Think of how much you and I can do to help our hospitals, maybe we can educate diabetics, help inspect rooms or just set up donation pools and funds to build initiatives and not just giant buildings or buy equipment with no further planning involved.

Trying to do this in Kuwait will take an effort on both parts, hospitals have to be willing to accept donations, volunteers and also train them while on the other hand people have to be committed to making their hospital the best they can. Success in this field is never due to one individual and I’m probably as guilty as you are for neglecting my local hospital when it is clearly in need.

Post written by Saud, a Kuwaiti doctor living and working/training in Montreal. Twitter: @saudnz


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Review: Rio, the Brazilian steakhouse

Posted by Mark

Rio is a new Brazilian steakhouse that has been open for around a month and last night I decided to pass by and try it out. Unlike regular restaurants, the way the Rio menu works is slightly different since there is just one fixed price of KD15.5. For that price you get to choose one starter from a list of about eight, you get to choose an unlimited amount of side orders and then it’s all you can eat beef, fish and chicken. It’s similar to a buffet except you never have to get out of your seat.

Rio is located on the ground floor of Jawhara Tower in Kuwait City. It’s the same building that has Ubon and a few other restaurant. But from the restaurants that are currently located there, Rio has to be the biggest, probably double the size of the others. I was actually pretty surprised at how spacious Rio was compared to the other restaurants next door. The interior was also very trendy and nicely lit with large windows on two sides creating a very open and spacious look. You could easily forget the fact that you’re not in Kuwait once you’re inside. Once we sat down the waitress proceeded to explain to us how the menu works and then provided us with two coasters, one side had a red circle the other side a green circle. You put the coasters on the table with the green side up when you want your plate refilled and the red side up when you want to stop.

I was with my brother so we got to order two starters, the Carpaccio and the rocket salad. Between the two dishes I surprisingly favored the rocket salad but that’s probably because the balsamic dressing was so ridiculously good. One thing I found a bit annoying was the fact the starters came out so quickly after we ordered and then before we were completely done with the dishes they wanted to clear the plates so they could bring in the main course. I felt a bit rushed but that’s probably due to the lack of experience since they just opened. We ordered a whole bunch of sides to go with our main course, I ordered healthy sides like mushrooms, broccoli and carrots while my brother ordered potato wedges, onion rings and fried banana. We also had 6 or 8 sauces to choose from and we decided to order all of them so we could try them out.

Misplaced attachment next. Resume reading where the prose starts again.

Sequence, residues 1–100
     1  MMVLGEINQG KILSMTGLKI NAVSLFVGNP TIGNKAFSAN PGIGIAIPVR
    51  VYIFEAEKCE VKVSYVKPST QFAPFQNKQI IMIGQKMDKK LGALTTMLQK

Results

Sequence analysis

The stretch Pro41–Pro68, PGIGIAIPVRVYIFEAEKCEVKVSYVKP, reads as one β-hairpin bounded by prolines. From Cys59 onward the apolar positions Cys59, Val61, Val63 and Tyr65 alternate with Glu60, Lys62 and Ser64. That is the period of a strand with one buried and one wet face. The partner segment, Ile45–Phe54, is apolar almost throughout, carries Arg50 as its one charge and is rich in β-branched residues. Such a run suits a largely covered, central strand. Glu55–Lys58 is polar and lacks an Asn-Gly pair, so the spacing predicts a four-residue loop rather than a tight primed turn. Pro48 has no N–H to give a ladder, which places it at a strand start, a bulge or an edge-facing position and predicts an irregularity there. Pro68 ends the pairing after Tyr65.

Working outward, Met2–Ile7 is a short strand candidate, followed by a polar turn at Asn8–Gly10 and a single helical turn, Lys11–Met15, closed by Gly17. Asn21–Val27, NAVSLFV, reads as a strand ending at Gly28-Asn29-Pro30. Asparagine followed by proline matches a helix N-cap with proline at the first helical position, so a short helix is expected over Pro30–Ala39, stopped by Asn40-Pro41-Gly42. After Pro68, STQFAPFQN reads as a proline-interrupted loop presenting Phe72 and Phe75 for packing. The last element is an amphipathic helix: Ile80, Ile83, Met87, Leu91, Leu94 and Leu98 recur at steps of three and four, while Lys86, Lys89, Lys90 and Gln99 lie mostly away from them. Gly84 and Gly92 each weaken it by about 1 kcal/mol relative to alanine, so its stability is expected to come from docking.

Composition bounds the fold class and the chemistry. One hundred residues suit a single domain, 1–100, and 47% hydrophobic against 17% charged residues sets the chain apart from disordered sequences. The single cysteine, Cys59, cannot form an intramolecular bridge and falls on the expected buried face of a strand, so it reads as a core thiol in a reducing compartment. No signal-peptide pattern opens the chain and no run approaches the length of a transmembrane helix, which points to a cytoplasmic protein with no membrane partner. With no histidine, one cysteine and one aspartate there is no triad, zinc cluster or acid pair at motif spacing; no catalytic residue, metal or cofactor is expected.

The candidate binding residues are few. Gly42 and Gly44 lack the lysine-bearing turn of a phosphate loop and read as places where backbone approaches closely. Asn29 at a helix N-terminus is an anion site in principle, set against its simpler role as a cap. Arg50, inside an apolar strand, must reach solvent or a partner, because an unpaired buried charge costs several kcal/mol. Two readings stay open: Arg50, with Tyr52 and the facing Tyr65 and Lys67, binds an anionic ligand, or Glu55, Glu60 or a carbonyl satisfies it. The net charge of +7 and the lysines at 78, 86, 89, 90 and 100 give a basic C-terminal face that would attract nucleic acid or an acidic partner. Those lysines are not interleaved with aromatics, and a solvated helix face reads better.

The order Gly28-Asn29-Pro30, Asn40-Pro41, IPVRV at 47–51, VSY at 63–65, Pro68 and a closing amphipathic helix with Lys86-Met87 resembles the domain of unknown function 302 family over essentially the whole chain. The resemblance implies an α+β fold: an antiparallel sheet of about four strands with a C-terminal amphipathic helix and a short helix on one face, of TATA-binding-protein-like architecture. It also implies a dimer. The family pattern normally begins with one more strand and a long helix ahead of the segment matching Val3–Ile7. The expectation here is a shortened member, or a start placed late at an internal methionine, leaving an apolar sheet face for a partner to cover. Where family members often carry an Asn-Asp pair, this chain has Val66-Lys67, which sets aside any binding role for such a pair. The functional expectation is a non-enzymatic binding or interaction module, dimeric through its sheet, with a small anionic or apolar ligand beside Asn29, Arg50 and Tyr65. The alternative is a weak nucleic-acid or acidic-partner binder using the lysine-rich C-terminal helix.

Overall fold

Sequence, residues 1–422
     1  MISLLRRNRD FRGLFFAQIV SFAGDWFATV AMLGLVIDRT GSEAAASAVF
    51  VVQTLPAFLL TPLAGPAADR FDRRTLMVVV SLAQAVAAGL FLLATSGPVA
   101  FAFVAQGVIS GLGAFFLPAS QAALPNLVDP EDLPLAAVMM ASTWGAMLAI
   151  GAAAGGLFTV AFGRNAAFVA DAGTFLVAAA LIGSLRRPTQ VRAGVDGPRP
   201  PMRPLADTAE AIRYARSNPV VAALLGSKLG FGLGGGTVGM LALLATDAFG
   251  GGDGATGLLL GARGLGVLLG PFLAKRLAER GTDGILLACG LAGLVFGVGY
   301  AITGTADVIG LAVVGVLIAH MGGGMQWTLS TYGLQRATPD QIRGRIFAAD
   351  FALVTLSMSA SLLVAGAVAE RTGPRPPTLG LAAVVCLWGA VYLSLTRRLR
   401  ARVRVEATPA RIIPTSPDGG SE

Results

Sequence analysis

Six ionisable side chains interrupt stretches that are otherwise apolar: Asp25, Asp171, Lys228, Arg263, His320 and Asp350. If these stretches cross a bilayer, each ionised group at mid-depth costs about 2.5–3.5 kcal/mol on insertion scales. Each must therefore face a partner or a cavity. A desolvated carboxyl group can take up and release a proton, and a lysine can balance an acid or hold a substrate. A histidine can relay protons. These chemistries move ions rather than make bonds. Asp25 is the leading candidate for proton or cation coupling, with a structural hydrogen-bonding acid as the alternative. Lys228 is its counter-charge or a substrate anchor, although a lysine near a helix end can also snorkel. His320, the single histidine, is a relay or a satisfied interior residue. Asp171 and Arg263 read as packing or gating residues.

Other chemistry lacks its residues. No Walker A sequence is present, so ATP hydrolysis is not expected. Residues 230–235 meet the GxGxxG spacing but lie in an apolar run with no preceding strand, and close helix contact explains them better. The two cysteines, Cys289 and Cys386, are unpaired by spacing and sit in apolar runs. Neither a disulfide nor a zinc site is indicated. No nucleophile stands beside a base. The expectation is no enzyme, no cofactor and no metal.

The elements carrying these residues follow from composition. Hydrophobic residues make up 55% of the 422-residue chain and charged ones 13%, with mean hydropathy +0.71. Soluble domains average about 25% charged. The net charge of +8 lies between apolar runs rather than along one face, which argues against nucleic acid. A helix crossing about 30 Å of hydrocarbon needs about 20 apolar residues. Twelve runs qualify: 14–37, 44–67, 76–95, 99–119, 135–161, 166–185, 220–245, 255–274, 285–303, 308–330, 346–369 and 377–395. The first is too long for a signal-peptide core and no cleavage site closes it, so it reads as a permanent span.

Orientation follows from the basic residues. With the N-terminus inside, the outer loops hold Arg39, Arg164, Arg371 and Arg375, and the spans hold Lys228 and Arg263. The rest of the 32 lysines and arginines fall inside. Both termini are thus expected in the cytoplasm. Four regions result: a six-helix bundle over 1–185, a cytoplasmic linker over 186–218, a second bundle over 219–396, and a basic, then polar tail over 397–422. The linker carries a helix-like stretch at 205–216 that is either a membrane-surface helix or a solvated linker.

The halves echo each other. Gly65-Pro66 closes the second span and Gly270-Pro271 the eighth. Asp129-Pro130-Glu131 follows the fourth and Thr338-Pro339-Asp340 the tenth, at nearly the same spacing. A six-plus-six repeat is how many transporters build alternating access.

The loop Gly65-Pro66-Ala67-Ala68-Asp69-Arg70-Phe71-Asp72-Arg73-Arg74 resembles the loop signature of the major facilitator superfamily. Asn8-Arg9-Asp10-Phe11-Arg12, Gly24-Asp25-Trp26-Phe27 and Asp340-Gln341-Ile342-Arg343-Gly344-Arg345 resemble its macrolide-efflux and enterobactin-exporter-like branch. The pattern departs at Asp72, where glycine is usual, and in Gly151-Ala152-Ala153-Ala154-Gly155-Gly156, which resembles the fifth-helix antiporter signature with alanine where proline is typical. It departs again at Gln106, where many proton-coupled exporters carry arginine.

They serve around 14 different kinds of meats and I would say 12 of them are served on skewers that they bring to your table and slice onto your plate. One after the other a waiter would come with a different skewer for us to try like various kinds of steaks, grilled shrimps, grilled chicken and sausages and even grilled pineapple. As they would fill our plate and walk away another skewer would come which meant we didn’t have enough time to start eating. Then I remembered the colored coasters the waitress told us about so we flipped ours to “red” and the food stopped coming. Since there are so many different kinds of skewers there are bound to be some you won’t favor and in my case I didn’t favor a few but the ones I did end up liking, I liked a lot (the sliced chicken and the chicken sausage being my favorites).

I do have a few gripes about the place and it mostly has to do with the service. The whole experience just felt very rushed. Right as soon as we sat down and the waitress explained to us the concept she wanted to take our order right then on the spot even though we didn’t have time to take a look at the menu. Then as I mentioned, the starters came out very quickly after the order was taken and before the starters were completely finished the plates were being cleared for the main course. Then the way you get bombarded with one grill after the other is also a bit overwhelming. Another issue I had is when we had gone through maybe 8 or 10 grills they started coming back with grills that we had already tried. When I asked the waiter if we were done trying all the grills he said yes. Since we were pretty full we decided to ask for the bill. When the bill arrived a waiter came with chicken sausages which we hadn’t been served before. So we each took one. Then I paid the bill and another skewer came this time with beef sausages, again we hadn’t tried those before. So I asked the waiter why he would tell us we were done trying out all the grills when we hadn’t and I don’t think he understood us. I think it must have been just a language issue but it’s kinda awkward to ask for the bill and pay for it while food is still arriving. I also have an issue with the price. At KD15.5 I would have appreciated if soft drinks were included or at the very least have free refills. If you want dessert that is also an additional cost. I think dessert should be included in the price since when you go to a buffet or order a set menu, generally all the food is included.